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DVD Review

DVD cover

Doctor Who
Delta and the Bannerman


Starring: Sylvester McCoy
RRP: £19.56
Certificate: PG
Available 22 June 2009

It’s a general truism that when the Doctor promises a companion a holiday something usually goes wrong. This time the Doctor has promised Mel that he will take her to Disneyland, having won the prize at a Galactic Tollport. As they embark on a ship, disguised as a fifties bus, the Chimeron Queen slips unobtrusively aboard. She is running from the Bannermen, the creatures that have destroyed her world and are now hunting for her. On the way down, the bus is hit by an American satellite, depositing the Doctor, Mel and the Chimeron Queen onto a fifties Welsh holiday camp. But the Bannermen are close behind...

Delta and the Bannermen is a three part, Seventh Doctor, story and was originally broadcast between 2 and 16 November 1987. The show was written by Malcolm Kohll and directed by Chris Clough. The show was notable for having Ken Dodd play the Galactic Toll Keeper.

Oh Dear, well where to begin? I have always felt that the last two Doctors were, for the most part, ill served by the show. Although both had some good stories, the overall impression was of a show which was losing its budget and way. Bannermen is a whimsical romp, which is very much a Who meets Hi-de-Hi!, and predates the gradual transformation of McCoy’s Doctor into something stranger and more alien. It’s a premise which will either intrigue or repel.

The show perfectly captures the look and feel of a fifties holiday camp and goes a long way to explaining the expression on the faces in photographs of that decade - if this was entertainment I would have stayed at home. The light hearted nature of the show is further enhanced with the inclusion of some popular comedians including Ken Dodd, Hugh Lloyd and Stubby Kaye. The show also plays to McCoy's own comedic talents.

I said that it would intrigue or repel so I have to be honest and say that I didn’t like it, though there are many who do. For me, the lack of a strong script meant that the show was little more than a longish chase scene. Mel (Bonnie Langford) never really worked well as a companion, still not as bad as Adric, and the very eighties synth soundtrack by Dominic Glynn quickly grates on your nerves.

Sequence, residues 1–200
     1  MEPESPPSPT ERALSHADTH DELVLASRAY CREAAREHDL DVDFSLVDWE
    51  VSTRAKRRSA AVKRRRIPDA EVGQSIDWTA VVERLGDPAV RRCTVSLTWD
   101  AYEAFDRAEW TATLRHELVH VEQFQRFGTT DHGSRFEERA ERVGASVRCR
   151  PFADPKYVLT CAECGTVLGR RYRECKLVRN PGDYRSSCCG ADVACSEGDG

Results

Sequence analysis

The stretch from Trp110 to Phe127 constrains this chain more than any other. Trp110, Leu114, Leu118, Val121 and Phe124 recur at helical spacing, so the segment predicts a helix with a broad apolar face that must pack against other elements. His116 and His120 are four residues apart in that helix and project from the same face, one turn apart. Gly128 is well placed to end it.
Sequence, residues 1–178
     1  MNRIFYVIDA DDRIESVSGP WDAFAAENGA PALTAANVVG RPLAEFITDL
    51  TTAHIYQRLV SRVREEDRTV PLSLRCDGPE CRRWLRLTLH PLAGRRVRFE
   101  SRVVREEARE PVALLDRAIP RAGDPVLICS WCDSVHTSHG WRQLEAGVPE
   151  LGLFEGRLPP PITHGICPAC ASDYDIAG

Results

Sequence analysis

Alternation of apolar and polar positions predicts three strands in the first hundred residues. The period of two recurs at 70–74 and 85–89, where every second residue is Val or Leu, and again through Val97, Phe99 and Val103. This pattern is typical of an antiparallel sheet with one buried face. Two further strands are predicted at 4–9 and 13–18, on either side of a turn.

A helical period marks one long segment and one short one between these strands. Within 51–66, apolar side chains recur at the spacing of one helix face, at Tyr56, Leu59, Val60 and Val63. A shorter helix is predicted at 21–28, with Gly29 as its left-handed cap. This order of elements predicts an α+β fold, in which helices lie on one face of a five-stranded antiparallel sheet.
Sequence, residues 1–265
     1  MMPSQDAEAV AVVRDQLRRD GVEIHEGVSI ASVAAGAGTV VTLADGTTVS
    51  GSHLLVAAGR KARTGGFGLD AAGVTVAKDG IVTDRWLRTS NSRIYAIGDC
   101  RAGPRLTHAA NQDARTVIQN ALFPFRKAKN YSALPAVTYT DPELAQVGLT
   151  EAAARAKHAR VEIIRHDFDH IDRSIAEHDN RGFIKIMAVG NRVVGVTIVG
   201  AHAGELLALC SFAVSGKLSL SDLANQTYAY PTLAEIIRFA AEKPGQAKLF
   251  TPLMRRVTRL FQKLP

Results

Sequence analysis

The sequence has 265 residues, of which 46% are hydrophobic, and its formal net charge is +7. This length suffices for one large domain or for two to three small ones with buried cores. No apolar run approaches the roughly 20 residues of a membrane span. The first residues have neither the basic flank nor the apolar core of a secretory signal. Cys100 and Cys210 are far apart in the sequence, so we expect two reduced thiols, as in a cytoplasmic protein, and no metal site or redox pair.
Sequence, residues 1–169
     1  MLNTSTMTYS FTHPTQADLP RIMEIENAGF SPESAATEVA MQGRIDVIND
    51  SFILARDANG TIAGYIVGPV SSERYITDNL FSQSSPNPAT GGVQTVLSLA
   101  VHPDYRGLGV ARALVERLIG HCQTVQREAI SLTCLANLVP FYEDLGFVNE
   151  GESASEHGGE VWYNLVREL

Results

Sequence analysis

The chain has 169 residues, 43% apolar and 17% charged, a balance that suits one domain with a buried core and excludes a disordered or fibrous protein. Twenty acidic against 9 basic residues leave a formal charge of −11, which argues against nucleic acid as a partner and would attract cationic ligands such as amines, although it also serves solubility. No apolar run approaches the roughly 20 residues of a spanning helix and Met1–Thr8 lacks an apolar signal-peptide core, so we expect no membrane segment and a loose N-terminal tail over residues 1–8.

On the plus side the show is well acted with the cast including Don Henderson (Gavrok), Sara Griffiths (Ray), who would have made a good companion. Being a well constructed period piece, the show has hardly aged, looking as good today as it did when it was originally transmitted. The show is presented in its original 4:3 aspect ratio with a clear mono soundtrack.

Once again the show comes with a good set of extras, the first of which is a full length commentary with Sylvester McCoy, Sara Griffiths, Chris Clough and script editor Andrew Cartmel, here all of those involved obviously had a ball making the show. Next up is But First This (6 min, 03 sec) with Andy Peters, which has an interview with Sylvester McCoy talking about his like for the series. Bonnie Langford and Ken Dodd talk about working on the show. It is followed by Wales Today (2 min, 17 sec), which is a small news report from BBC Wales, which includes Sylvester McCoy and the late John Nathan-Turner.

The longest extra on the disc is Episode One - First Edit (30 min, 30 sec), which runs a full six minutes longer than the transmitted version. This version is also missing any incidental music and finished special effects. An interesting addition, though I’m not sure that the longer cut goes any way to saving the show. Another interesting extra is Interview Rushes (16 min, 13 sec) which is a collection of the unedited interview footage which would eventually be edited down for the But First This item.

Hugh and Us (7 min, 05 sec) with the late Hugh Lloyd, who passed away last year, talking about his career as an actor and his experience of appearing in the show; and Clown Court (5 min, 42 sec) is a comedy skit with McCoy and Noel Edmonds, who plays a judge, putting McCoy on trial for impersonating a Time Lord, using outtakes from Bannermen as the evidence.

The second longest extra is Stripped for Action (21 min, 34) which continues the in-depth look at the creation of the Doctor Who comic strip. These are always well worth watching and remain informatively entertaining. This mini documentary has contributions by Scott Gray; Simon Furman; Paul Cornell and Andrew Cartmel. The disc rounds up with the usual Trails and Continuity (3 min, 19 sec), a photo gallery, a Coming Soon (1 min, 37 sec) for the excellent The War Games, and the usual suspects the Radio Times Listings, Subtitles and Subtitled Production Notes.

So, overall, a nice, light-hearted period show, with good performances, but a weak script.


Charles Packer

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